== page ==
As soon as the Supreme Court came out with its ruling striking down a key section of the Voting Rights Act of 1965, President Obama and others complained. They made it sound as though voting rights were in grave danger. But the critics are completely off base.
Citizens can find out what the court actually said by reading the opinion. It's only 68 pages. All you have to do is google Supreme Court opinions and open the one with the title "Shelby County, Alabama, versus Holder." John Roberts, the chief justice, uses very plain language to explain why the majority struck down the law. And the explanation makes perfect sense.
In essence, the 1965 law outlawed any restrictions on voting based on race or color. But only in some states in the South with a clear record of discrimination did it require any changes in election procedures to be cleared ahead of time by the attorney general or a federal court. The act has been renewed several times but retained the formula that made the special restrictions apply only to the designated states.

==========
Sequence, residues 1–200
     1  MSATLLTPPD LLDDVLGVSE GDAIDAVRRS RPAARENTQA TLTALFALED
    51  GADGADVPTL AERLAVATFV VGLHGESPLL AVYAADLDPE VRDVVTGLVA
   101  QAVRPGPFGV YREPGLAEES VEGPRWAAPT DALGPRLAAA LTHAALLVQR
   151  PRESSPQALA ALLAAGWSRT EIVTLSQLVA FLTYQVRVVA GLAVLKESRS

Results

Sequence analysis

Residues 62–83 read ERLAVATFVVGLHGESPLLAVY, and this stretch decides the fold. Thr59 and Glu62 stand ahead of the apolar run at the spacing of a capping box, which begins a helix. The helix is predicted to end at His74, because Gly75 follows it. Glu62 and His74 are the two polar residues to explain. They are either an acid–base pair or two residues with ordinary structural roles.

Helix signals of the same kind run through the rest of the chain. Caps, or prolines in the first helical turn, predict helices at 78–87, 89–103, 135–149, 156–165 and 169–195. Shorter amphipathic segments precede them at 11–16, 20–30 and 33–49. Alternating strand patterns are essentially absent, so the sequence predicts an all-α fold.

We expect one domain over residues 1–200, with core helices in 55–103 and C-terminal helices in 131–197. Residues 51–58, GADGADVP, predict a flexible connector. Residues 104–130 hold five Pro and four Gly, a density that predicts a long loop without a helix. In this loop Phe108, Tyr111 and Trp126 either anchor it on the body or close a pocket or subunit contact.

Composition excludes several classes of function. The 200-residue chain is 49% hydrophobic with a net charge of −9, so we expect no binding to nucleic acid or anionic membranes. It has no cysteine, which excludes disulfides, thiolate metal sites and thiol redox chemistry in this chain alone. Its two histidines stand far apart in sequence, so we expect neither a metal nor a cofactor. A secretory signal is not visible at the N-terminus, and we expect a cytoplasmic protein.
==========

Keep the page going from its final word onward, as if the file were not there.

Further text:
Conditions have dramatically changed since 1965. Minority registration and voting in those states are essentially the same as or better than white voting there. So there's no longer a compelling reason to treat those states differently from others, which the Constitution forbids. The court has taken account of reality and struck down an unconstitutional law. Good job! (hh)